We see New Testament prophets at work in the Book of Acts (Acts 11:27-30; 15:30-32; 21:10-14). Their messages were accepted as authoritative by the church and an obedient response was expected, so prophets had a significant leadership role in the earliest church. At the same time the church struggled in one case with just how to apply the prophetic message to a specific situation (Acts 21:12-14).

It is interesting that although Paul speaks prophetically to the churches (1 Cor. 14:6), he never calls himself a “prophet.” This suggests that the designation “apostle” includes the gifts and activities of the prophet and more (2 Cor. 12:1-7: Eph. 3:3-7). Apostles and prophets are equal when it comes to being the objects of direct revelation. But the apostle’s authority is even greater than the prophet because of the special commission of leadership and the unique relationship in time to the first-century Christ-event. The apostles were more directive while the prophets led by influence.

With the close of the first Christian century the office of apostle seems to have died out and prophets have become increasingly rare. Well before then, charismatic leadership was increasingly replaced with appointed leadership. We’ll look more at that in my next blog.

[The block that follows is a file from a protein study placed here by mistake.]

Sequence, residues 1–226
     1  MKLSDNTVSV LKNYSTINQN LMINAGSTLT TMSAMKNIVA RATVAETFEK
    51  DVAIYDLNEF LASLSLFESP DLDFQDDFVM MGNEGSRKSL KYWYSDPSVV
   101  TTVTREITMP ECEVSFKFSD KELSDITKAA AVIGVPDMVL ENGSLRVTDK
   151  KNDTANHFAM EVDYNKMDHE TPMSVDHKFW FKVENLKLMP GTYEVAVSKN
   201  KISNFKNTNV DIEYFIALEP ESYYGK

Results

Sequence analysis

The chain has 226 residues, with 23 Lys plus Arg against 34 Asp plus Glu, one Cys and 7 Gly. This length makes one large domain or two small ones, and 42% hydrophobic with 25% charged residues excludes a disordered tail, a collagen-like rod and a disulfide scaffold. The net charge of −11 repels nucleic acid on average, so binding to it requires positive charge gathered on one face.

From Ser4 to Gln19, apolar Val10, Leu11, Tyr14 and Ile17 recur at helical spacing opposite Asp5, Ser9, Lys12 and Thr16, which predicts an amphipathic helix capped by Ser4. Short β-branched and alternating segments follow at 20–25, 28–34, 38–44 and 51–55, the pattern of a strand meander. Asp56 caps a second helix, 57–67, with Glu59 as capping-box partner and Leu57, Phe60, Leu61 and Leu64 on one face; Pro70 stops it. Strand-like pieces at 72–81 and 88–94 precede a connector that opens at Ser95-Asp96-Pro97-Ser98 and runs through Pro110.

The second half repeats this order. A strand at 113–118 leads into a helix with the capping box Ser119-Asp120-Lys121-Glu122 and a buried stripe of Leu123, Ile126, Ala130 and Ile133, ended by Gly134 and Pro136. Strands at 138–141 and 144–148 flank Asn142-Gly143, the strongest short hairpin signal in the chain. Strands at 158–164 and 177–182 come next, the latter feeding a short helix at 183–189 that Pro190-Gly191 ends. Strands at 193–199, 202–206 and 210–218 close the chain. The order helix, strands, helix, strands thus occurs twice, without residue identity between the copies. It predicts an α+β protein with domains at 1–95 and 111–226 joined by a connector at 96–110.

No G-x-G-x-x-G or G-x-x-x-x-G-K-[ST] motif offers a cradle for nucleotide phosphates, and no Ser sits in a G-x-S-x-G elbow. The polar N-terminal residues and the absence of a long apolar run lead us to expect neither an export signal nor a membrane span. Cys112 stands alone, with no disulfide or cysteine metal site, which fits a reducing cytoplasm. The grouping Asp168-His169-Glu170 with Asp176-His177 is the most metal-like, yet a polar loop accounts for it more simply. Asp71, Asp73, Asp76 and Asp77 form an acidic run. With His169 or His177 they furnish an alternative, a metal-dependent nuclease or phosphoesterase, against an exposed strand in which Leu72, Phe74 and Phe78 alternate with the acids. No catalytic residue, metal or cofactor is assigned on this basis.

What Makes Christian Leadership Different

In the previous blog I reviewed the major words for leadership in ancient government and society. We noticed that such words could be used in the New Testament for secular leaders, God, Christ and even demons. But they are never used for human leadership in the church, except for proistēmi, which had a strong extended meaning of service and caring concern. Most of these words focused more on dominance, superior rank, authority over and heirarchy, which are not appropriate in the church.

In this blog I will share the three most important leadership passages in the NT (in my opinion) and briefly comment on their significance. The first is the “poster child” for Christian leadership: the footwashing example of Jesus in John 13. After washing the disciples’ feet, Jesus said the following (John 13:13-17, ESV): “You call me Teacher and Lord [one of those dominance terms in ancient Rome], and you are right, for so I am. 14 If I then, your Lord and Teacher, have washed your feet, you also ought to wash one another’s feet. 15 For I have given you an example, that you also should do just as I have done to you. 16 Truly, truly, I say to you, a servant is not greater than his master [lord again in the original], nor is a messenger greater than the one who sent him. 17 If you know these things, blessed are you if you do them.” While Jesus is willing to apply a dominance term like “lord” to Himself (as Creator He has that right), He here transforms the meaning of this term. The one who leads in the church is to be the chief servant. Real greatness is measured not in power, fame or position, but in willingness to serve.